A society’s power relations complicate matters. Take colonialism. Languages become separated into those that are imposed and others that are local. Types of plots and characters become the standard. To the Child, it can appear that the magical events portrayed in books can only happen elsewhere, and to others.

In Anjana Appachana’s Listening Now, a daughter brought up on a diet of Western stories listens to her father’s Indian tales in disbelief. In Amrita Mahale’s Milk Teeth, a childhood friend makes up stories of a boy and a girl with Westernised names who fight smugglers and find buried treasure. (“Kartik said Indian names didn’t sound proper.”)

Attitudes to gender and skin colour are other complications. Sartre once wrote that in books, he encountered a universe that was “digested, classified, labelled, meditated”. Which gives rise to the question: who is doing the organising and why? Thus, the Child reads Jane Eyre and the Critic moves on to Wide Sargasso Sea.

What of the Learner? This is the part of our composite reading self that is the most practical and functional. It sees reading as a way to find answers and make progress. The Learner seeks solutions, and tries to make the world better for himself and others.

In cases where education is replaced by memorisation, the Learner can override the Child and the Critic. Reading becomes worthwhile only for practical benefits.

Obviously, acquiring knowledge is worthwhile, but books are so much more than repositories of instruction. One reason for a reading block could well be that the voices of the Learner and the Critic drown out that of the Child.

It’s when the reader gives it meaning that a writer’s work is truly complete, claims the school of literary theory known as reader-response criticism.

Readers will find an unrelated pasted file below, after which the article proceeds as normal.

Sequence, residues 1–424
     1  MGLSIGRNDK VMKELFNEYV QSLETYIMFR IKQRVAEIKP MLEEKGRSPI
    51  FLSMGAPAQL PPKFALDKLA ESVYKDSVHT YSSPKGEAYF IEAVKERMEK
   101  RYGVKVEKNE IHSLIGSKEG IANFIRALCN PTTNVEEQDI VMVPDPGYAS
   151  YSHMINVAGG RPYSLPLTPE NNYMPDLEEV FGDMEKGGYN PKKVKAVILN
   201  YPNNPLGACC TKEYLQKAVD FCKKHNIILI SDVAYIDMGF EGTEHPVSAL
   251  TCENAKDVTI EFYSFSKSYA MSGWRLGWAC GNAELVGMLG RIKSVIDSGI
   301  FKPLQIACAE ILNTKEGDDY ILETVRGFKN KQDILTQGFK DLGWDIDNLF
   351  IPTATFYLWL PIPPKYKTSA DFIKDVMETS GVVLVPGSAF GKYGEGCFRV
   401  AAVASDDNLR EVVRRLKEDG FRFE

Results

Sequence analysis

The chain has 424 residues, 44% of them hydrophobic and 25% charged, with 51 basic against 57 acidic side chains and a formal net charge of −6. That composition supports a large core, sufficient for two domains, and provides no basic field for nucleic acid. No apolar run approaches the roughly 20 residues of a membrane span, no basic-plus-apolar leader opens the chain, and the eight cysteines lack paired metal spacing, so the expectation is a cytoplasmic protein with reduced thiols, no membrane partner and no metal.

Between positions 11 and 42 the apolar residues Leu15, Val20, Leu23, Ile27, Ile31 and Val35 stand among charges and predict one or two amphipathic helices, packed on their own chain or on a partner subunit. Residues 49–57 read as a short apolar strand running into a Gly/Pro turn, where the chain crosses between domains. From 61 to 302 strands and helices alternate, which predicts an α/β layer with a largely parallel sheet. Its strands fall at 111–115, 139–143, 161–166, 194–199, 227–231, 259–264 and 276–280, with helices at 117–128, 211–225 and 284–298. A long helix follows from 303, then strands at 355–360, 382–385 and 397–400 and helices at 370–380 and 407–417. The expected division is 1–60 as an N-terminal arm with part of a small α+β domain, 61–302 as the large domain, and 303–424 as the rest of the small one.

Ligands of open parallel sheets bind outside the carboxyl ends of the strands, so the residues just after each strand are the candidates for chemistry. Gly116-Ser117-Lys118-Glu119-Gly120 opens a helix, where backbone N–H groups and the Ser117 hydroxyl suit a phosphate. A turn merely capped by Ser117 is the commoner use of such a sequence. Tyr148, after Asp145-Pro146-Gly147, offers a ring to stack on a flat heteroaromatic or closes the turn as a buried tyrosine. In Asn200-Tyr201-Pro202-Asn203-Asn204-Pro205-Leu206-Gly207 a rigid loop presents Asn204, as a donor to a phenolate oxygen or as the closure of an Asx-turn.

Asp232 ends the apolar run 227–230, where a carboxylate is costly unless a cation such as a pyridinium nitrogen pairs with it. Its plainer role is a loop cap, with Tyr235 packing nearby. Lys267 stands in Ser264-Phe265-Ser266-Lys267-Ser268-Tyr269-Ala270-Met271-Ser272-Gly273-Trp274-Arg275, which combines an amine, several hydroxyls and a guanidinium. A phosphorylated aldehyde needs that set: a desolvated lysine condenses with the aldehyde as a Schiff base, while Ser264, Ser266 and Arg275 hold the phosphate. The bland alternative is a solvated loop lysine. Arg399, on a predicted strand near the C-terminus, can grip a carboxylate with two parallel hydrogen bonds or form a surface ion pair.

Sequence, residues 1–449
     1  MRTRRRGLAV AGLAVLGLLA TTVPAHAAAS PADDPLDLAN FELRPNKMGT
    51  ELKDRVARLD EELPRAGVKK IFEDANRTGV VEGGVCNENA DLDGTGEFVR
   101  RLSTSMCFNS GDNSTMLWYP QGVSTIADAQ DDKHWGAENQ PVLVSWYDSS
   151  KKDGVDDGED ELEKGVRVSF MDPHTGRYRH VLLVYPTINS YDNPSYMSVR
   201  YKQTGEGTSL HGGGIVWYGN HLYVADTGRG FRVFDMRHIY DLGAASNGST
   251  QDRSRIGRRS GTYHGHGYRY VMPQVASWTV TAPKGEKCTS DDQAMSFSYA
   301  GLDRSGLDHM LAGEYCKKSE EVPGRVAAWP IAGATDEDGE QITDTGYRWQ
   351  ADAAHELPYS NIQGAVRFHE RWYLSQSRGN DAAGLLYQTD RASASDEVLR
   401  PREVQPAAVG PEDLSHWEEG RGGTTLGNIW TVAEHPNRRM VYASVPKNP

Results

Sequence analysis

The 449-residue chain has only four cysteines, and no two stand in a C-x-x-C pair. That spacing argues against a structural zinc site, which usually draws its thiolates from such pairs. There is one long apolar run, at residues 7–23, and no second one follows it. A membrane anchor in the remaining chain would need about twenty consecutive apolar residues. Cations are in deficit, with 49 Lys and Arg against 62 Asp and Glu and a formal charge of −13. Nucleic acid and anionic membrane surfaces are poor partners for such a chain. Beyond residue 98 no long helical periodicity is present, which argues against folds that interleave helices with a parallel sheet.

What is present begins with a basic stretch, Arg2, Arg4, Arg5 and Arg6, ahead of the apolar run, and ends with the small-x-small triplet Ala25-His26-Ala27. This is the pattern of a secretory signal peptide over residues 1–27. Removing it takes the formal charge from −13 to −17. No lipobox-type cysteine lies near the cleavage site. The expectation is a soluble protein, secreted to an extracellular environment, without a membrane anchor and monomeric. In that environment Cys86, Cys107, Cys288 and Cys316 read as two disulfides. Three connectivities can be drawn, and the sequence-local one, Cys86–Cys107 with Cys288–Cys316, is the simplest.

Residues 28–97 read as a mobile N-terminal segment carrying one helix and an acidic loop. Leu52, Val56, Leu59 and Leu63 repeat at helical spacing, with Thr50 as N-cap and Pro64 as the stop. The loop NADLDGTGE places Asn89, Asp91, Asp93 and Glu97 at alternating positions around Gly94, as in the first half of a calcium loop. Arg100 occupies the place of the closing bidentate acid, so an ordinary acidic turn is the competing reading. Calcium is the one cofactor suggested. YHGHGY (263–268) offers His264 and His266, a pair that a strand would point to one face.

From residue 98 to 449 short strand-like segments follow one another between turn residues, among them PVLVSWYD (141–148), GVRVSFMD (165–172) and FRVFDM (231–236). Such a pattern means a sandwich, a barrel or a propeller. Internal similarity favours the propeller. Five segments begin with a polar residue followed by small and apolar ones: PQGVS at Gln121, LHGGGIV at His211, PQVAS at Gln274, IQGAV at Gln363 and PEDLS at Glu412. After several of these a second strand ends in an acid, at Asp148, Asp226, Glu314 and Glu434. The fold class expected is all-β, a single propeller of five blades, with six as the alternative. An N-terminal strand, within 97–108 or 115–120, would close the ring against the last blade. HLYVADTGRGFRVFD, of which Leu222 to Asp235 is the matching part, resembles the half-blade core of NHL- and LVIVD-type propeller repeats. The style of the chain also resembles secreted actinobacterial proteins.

Texts are thus created through the process of reading. However, when many reading selves combine, interpretations become unstable. The Child could stay the same while the Critic and the Learner grow and change.

Vivian Gornick, for instance, has written of her discovery that the female characters in the books she read when younger were “stick figures devoid of flesh and blood”, designed to thwart or advance the fortunes of the protagonist who was almost always male.

Pico Iyer recalls reading The Virgin and the Gypsy in school and being struck by D.H. Lawrence’s “heroic energy, his unvarnished romanticism” in a tale about “a young and inexperienced soul awakening to its destiny.” Re-reading it years later, he finds “a cry for release from the stifling puritanism and hypocrisies of English provincial life.”

The rise and development of our reading selves are also the stories of our lives. Our reactions to books show what we have been influenced by, what we have stayed true to, and what has changed. Virginia Woolf, for one, knew this well.

“To write down one’s impressions of Hamlet as one reads it year after year,” she observed in a 1916 essay, “would be virtually to record one’s own autobiography, for as we know more of life, so Shakespeare comments upon what we know”. We start reading to discover other worlds; as we continue to turn the pages, we discover ourselves.
Sanjay Sipahimalani is a Mumbai-based writer and reviewer.
first published: Sep 24, 2022 07:00 am